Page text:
Wednesday, May 6, 2020

Cigarette Smoking Rates Among Adults Essay - 1497 Words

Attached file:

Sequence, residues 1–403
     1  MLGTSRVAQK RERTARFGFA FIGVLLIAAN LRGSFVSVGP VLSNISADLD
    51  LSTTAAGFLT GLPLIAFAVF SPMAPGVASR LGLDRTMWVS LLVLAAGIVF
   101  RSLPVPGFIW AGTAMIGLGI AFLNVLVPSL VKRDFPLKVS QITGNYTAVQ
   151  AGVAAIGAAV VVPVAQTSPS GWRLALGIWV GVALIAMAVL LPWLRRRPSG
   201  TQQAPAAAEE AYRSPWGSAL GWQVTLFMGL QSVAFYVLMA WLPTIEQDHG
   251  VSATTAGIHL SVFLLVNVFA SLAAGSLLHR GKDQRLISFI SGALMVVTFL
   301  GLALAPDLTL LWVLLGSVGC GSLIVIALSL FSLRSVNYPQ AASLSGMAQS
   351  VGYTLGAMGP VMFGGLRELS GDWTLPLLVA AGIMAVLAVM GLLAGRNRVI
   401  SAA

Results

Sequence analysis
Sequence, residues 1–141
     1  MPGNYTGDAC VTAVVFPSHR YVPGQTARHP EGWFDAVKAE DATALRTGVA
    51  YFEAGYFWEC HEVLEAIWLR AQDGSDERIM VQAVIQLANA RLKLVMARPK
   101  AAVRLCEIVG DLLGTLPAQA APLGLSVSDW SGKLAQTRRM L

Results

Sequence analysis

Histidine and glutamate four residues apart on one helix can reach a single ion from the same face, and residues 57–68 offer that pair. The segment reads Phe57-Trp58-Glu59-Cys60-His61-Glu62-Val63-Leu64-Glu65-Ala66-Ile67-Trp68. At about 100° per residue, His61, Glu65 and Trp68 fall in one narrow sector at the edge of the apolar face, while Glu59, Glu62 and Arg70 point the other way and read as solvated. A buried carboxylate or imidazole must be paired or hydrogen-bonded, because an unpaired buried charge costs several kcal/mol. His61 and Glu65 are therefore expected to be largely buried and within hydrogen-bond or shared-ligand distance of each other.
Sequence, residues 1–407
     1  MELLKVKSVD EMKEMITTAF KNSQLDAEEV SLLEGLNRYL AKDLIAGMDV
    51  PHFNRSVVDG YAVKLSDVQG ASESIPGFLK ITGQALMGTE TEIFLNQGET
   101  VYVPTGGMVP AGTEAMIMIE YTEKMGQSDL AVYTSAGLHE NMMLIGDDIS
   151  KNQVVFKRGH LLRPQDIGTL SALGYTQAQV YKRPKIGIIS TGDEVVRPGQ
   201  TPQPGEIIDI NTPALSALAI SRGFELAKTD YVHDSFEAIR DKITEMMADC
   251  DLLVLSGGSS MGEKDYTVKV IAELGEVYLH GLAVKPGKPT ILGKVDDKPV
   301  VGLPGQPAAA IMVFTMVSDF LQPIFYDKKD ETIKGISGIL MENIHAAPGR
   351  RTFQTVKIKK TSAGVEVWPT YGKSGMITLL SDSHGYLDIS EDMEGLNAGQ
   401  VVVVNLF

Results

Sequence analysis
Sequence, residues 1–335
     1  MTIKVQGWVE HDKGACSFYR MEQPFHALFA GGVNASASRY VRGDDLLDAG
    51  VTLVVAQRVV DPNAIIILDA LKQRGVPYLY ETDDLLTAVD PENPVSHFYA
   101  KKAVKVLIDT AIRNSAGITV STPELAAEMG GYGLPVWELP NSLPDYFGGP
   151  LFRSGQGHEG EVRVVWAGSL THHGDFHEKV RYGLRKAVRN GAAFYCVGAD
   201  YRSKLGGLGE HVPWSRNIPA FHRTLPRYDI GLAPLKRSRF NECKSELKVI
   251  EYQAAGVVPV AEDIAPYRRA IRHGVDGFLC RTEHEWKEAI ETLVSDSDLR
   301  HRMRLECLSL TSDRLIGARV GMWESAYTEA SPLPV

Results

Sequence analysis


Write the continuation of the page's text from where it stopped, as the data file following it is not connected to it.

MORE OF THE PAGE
In the past century, Cigarettes could be found everywhere in American society. Yet, in the past five decades, they have been at an all time low. Although they are still common in the United States, they are not as common due to their dramatically declining consumption rates amongst adults. Several factors combined to provide one of the most successful and maybe even under-appreciated public health victories in our lifetimes. Some reasons of this dramatic decline include; increasing prices of tobacco products, implementing and enforcing comprehensive smoke-free laws, and sustaining hard-hitting media campaigns. The cigarette smoking rate among adults in the U.S. dropped from 20.9 percent in 2005 to 17.8 percent in 2013, according to new data published by the Centers for Disease Control and Prevention in the Morbidity and Mortality Weekly Report (MMWR). That is the lowest frequency of adult smoking since the CDC s National Health Interview Survey began keeping these such records in 19 65. The report also shows the number of cigarette smokers dropped from 45.1 million in 2005 to 42.1 million in 2013, despite the increasing population in the United States, which is a factor we must keep in mind. While smoking rates have dropped, there is a significant need to help those who continue to smoke. Cigarette smoking remains especially high among particular groups, most notably those below the poverty level, those who have less education, Americans of multiple race, AmericanShow MoreRelatedEssay on Smoking Trends Among Teenagers1066 Words   |  5 Pages Cigarette smoking is a habit that kills approximately million of people per year. It is surprisingly being picked up by myriad amount of children every day. Smoking becomes a growing trend in the youth community. The number of young smokers have been increased in most American middle schools and high schools. Both girls and boys are smoking because they think it is cool. The four reasons that cause many teenagers to start smoking are peer-pressure, image projection, rebellion, and adult aspirationsRead MoreTrends In Cigarette Smoking Rates Of Diabetes?825 Words   |  4 PagesTrends in Cigarette Smoking Rates and Quit Attempts Among Adults With and Without Diagnosed Diabetes, United States, 2001-2010 Full Citation Fan, A. Z., Rocks, V., Zhang, X., Li, Y., Elam-Evans, L., Balluz, L. (2013, September 19). Preventing Chronic Disease | Trends in Cigarette Smoking Rates and Quit Attempts Among Adults With and Without Diagnosed Diabetes, United States, 2001–2010 - CDC. Retrieved December 09, 2017, from https://www.cdc.gov/pcd/issues/2013/12_0259.htm?s_cid=pcd9e160_x IntroductionRead MoreSmoking Essay1280 Words   |  6 Pages Smoking is known as the leading cause of death in the United States with over 480,000 deaths each year. Due to smoking increasing the risks of dying from several other diseases the total number of deaths that can be attributed to smoking is about 540,000. According to Lecture, the problem exists in society with about 23% of U.S. adults smoking. The highest rates are found in American Indians and Alaska Natives with the lowest being Asians. Smoking is known as public health enemy number one. SmokingRead MoreTobacco Use Is The Leading Cause Of Preventable Disease,978 Words   |  4 Pages2014 Surgeon General’s Report, cigarette smoking and secondhand smoking exposure contribute to more than 480,000 premature deaths annually in the United States. Smoking use is associated with different types of cancer, cardiovascular disease, strokes, diabetes, respiratory diseases, and reproductive disorders. Moreover, cigarette smoking can cause inflammation and impair the immune system (United States Department of Health and Human Services (USDHHS), 2017). Smoking during pregnancy is associatedRead MoreCigarette Prices And Developing A Culture Of No Smoking By Rising Taxes On Cigarettes1594 Words   |  7 Pagesthis investigation is to examine the suggestion of cigarette prices and developing a culture of no smoking by rising taxes on cigarettes. Methods: Data on smoking has been selected from the secondary sources. Status of smokers in West Virginia can be observed by the available facts and figures in different newspapers, 99 Results: The odds ratio for being a smoker was 1.21 where no-smoking by-laws were relatively infrequent and 1.26 when cigarettes are relatively low-cost, after changing for separateRead MoreSmokers in Great Britain and the United States1533 Words   |  7 PagesIntroduction Referring to smoking, different countries have different attitudes towards the habit. Some countries have strong negative altitude against smoking while others do not. In both America and United Kingdom, smokers are seen as social pariahs while in Hong Kong, the altitude towards smokers is not strict (Diagnostic and statistical manual of mental disorders, 2013). However, the only one similar attitude between all the three countries is that they all disapprove smoking. This paper will exploreRead MoreEffects Of Cigarette Smoking Among Adult Smokers1264 Words   |  6 PagesAbstract The Los Angeles County Department of Health Services developed a survey for the assessment of cigarette smoking among adult smokers. The assessment showed that there has been a significant decrease/decline in cigarette smoking amongst adults in the year of 2003. The survey proved that fewer adults are smoking in Los Angeles County than if the rate of smoking had remained the same as in previous years. This paper evaluates the findings in the assessment conducted by Los Angeles County DepartmentRead MoreState Of Oklahoma, Oklahoma And Its Health Risks1115 Words   |  5 PagesCommunity Assessment Communities are places where people come together, interact with one another and their environment and share common characteristics, attitudes, interests, and goals. This paper will talk about the smoking community of Tulsa, Oklahoma and its health risks. The paper will then compare and contrast the major health risks of Tulsa to other cities and the state of Oklahoma, and address why this risk is present. Next, the paper will discuss the sources used, how the data was locatedRead MoreThe Effects Of Cigarette Smoking On Health884 Words   |  4 PagesCigarette smoking remains the chief cause of none communicable disease and death in the United States. Each year, cigarette smoking is responsible for an estimated 480 million deaths and more than 8 million smoking-related illnesses (CDC, 2014). It is accountable for total costs nearing 170 billion dollars in direct medical expense and work lost productivity (2014). Although it is true that smoking adversely affects health, there ar e more than 4 million adults reported as active smokers. In manyRead MoreSmoking Rates Among California Adults Essay885 Words   |  4 PagesProtection Act, the smoking rates among California adults have decreased by 42%. From 1990 to 1993, the smoking rates among the youth population for those ages 12 to 17 dropped down to 9.1%. From 1989 to 1993, Proposition 99 helped in the reduction of cigarette consumption by 802 million packs of cigarettes. The smoking prevalence in adults has also decreased from 26.7% in 1988 to 15.5% during the first half of 1995 (Cokkinides et al., 2009). Hence, cigarette consumption and smoking prevalence rapidly